This is much like my earlier challenge, except, this time, order doesn't matter.
A straight-chain alk*ne is defined as a sequence of carbon atoms connected by single (alkane), double (alkene), or triple bonds (alkyne), (implicit hydrogens are used.) Carbon atoms can only form 4 bonds, so no carbon atom may be forced to have more than four bonds. A straight-chain alk*ne can be represented as a list of its carbon-carbon bonds.
These are some examples of valid (not necessarily distinct) straight-chain alk*nes:
 CH4 Methane  CH3-CH3 Ethane  CH2=CH2 Ethene  CH≡CH Ethyne [1,1] CH3-CH2-CH3 Propane [1,2] CH3-CH=CH2 Propene [1,3] CH3-C≡CH Propyne [2,1] CH2=CH-CH3 Propene [2,2] CH2=C=CH2 Allene (Propadiene) [3,1] CH≡C-CH3 Propyne [1,1,1] CH3-CH2-CH2-CH3 Butane ...
While these are not, as at least one carbon atom would have more than 4 bonds:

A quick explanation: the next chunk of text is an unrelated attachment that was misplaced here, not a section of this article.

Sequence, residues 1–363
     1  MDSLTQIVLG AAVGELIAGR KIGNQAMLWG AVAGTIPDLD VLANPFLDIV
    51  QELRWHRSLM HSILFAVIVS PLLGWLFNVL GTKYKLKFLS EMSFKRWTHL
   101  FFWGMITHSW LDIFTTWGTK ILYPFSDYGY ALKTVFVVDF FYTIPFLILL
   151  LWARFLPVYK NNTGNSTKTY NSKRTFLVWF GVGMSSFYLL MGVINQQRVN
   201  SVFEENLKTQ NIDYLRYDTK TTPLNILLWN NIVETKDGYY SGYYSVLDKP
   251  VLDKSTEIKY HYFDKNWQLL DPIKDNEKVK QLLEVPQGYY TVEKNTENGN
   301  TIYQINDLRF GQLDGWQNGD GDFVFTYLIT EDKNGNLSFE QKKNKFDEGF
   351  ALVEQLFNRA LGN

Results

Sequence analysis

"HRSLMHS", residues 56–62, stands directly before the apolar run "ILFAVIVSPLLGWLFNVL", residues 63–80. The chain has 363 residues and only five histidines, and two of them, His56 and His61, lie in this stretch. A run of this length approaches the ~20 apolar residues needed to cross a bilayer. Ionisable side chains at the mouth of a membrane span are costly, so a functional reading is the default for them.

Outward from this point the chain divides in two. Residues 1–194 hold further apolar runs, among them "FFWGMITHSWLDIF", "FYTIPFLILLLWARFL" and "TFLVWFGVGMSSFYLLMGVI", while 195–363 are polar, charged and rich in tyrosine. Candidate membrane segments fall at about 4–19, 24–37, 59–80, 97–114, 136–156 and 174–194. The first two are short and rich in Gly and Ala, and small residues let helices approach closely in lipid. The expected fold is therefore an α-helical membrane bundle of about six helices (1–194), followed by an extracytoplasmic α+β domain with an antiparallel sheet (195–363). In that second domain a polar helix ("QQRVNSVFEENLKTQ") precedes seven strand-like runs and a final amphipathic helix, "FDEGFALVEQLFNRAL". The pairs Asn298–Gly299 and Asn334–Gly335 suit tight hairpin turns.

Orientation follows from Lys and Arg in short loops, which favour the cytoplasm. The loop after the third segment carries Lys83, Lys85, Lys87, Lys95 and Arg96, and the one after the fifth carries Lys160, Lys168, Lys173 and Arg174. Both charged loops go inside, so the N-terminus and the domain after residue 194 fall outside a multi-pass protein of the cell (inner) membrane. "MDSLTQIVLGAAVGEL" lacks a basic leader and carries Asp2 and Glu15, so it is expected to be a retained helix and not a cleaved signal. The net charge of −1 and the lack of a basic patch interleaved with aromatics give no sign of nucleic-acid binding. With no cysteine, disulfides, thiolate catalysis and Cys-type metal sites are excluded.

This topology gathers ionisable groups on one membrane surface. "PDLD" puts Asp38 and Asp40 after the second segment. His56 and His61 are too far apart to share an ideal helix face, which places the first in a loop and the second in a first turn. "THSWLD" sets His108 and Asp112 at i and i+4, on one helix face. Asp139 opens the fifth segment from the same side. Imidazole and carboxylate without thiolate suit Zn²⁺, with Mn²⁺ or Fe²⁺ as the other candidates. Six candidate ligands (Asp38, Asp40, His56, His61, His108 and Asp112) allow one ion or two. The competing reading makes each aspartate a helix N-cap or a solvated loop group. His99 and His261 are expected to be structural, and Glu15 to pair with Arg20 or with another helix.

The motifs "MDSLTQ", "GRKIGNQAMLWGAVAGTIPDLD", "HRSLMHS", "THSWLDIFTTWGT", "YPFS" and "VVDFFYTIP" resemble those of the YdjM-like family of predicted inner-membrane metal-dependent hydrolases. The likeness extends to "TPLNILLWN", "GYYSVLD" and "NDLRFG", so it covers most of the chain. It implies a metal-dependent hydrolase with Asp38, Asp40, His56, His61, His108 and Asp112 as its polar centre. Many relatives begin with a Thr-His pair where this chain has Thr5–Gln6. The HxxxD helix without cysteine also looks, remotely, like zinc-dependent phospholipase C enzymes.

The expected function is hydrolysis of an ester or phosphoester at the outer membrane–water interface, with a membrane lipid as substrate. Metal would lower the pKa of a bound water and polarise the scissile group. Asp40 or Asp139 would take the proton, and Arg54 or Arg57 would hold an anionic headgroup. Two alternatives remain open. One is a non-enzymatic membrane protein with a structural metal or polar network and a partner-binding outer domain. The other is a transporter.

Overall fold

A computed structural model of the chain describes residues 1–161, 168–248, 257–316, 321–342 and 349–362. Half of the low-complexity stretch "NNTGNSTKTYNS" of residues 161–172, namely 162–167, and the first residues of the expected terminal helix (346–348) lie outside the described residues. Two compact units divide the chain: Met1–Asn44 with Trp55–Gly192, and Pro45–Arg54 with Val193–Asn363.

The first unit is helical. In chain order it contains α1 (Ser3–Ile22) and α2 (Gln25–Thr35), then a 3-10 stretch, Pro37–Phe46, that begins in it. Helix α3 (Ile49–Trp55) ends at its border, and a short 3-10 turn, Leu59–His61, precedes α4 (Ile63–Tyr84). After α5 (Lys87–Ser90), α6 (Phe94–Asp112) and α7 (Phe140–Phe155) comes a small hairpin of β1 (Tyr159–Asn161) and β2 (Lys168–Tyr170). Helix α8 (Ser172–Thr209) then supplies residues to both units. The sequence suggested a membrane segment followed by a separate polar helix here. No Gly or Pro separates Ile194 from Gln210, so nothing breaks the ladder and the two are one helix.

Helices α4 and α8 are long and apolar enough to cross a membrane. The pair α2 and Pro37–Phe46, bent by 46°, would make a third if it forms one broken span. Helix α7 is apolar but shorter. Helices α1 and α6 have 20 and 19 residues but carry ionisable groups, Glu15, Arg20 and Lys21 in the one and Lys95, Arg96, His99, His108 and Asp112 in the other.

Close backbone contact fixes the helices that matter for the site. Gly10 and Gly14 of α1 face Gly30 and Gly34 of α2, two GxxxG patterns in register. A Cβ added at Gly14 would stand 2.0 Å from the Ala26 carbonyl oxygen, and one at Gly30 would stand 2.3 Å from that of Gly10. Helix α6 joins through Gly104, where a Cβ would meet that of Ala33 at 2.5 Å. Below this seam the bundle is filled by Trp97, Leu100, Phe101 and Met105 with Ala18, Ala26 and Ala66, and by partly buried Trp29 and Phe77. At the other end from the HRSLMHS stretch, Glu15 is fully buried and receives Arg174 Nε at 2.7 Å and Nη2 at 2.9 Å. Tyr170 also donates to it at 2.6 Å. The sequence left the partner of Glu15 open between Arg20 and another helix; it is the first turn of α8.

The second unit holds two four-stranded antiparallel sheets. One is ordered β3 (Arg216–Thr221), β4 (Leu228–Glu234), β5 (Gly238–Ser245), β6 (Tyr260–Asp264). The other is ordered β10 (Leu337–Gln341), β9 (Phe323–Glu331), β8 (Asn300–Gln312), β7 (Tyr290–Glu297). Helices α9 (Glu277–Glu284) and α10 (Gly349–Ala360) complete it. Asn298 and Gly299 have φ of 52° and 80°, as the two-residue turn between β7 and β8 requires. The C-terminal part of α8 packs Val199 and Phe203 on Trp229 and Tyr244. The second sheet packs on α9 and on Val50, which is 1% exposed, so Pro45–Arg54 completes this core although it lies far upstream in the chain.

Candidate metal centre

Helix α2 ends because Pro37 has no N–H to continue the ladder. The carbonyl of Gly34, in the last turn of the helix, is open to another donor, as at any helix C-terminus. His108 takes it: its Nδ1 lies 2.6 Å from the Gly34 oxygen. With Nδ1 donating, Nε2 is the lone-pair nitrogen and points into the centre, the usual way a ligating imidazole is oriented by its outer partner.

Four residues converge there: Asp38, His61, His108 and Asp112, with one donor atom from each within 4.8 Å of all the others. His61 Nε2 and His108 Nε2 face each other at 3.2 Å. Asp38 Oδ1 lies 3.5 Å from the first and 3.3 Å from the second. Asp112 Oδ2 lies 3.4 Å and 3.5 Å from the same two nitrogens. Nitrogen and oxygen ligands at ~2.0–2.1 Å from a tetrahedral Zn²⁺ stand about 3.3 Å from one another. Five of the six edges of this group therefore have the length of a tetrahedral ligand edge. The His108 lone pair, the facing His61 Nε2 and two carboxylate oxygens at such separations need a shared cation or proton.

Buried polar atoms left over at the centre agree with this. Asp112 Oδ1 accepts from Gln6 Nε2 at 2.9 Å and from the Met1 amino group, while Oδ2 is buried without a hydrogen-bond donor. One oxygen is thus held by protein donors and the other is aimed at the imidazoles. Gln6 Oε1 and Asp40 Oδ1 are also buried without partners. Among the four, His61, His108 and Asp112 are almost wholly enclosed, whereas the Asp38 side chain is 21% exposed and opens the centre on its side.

[2,3] [3,2] [3,3] ...
Two straight-chain alk*nes,
q are considered equivalent if
q reversed, or
 =  [1,2] = [2,1] [1,3] = [3,1] [1,1,2] = [2,1,1] [1,2,2] = [2,2,1]
Your task is to create a program/function that, given a positive integer
n, outputs/returns the number of valid straight-chain alk*nes of exactly
n carbon atoms in length.
- You must handle
1correctly by returning
- Alk*nes like
[2,1]are NOT considered distinct.
- Output is the length of a list of all the possible alk*nes of a given length.
- You do not have to handle
1 => 1 2 => 3 3 => 4 4 => 10 5 => 18 6 => 42
This is code golf, so the lowest byte count wins!